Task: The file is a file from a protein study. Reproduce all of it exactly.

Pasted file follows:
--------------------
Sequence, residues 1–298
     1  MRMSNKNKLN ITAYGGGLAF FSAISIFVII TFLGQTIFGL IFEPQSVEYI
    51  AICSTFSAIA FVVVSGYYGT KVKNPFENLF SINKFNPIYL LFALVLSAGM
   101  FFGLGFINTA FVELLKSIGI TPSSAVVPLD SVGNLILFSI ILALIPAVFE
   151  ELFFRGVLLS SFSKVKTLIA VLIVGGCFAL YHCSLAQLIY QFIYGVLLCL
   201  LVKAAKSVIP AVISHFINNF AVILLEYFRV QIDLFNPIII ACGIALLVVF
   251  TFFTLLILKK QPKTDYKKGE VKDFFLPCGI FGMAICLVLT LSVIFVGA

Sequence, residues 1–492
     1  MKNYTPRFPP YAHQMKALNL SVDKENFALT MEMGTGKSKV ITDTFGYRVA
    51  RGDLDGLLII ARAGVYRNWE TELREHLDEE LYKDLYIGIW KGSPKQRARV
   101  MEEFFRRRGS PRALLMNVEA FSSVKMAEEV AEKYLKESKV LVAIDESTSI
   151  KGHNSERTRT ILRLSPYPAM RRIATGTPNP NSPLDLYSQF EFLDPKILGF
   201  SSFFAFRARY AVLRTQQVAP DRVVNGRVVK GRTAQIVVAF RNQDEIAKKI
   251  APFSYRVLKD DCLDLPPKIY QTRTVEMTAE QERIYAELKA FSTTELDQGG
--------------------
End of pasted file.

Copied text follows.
Sequence, residues 1–298
     1  MRMSNKNKLN ITAYGGGLAF FSAISIFVII TFLGQTIFGL IFEPQSVEYI
    51  AICSTFSAIA FVVVSGYYGT KVKNPFENLF SINKFNPIYL LFALVLSAGM
   101  FFGLGFINTA FVELLKSIGI TPSSAVVPLD SVGNLILFSI ILALIPAVFE
   151  ELFFRGVLLS SFSKVKTLIA VLIVGGCFAL YHCSLAQLIY QFIYGVLLCL
   201  LVKAAKSVIP AVISHFINNF AVILLEYFRV QIDLFNPIII ACGIALLVVF
   251  TFFTLLILKK QPKTDYKKGE VKDFFLPCGI FGMAICLVLT LSVIFVGA

Sequence, residues 1–492
     1  MKNYTPRFPP YAHQMKALNL SVDKENFALT MEMGTGKSKV ITDTFGYRVA
    51  RGDLDGLLII ARAGVYRNWE TELREHLDEE LYKDLYIGIW KGSPKQRARV
   101  MEEFFRRRGS PRALLMNVEA FSSVKMAEEV AEKYLKESKV LVAIDESTSI
   151  KGHNSERTRT ILRLSPYPAM RRIATGTPNP NSPLDLYSQF EFLDPKILGF
   201  SSFFAFRARY AVLRTQQVAP DRVVNGRVVK GRTAQIVVAF RNQDEIAKKI
   251  APFSYRVLKD DCLDLPPKIY QTRTVEMTAE QERIYAELKA FSTTELDQGG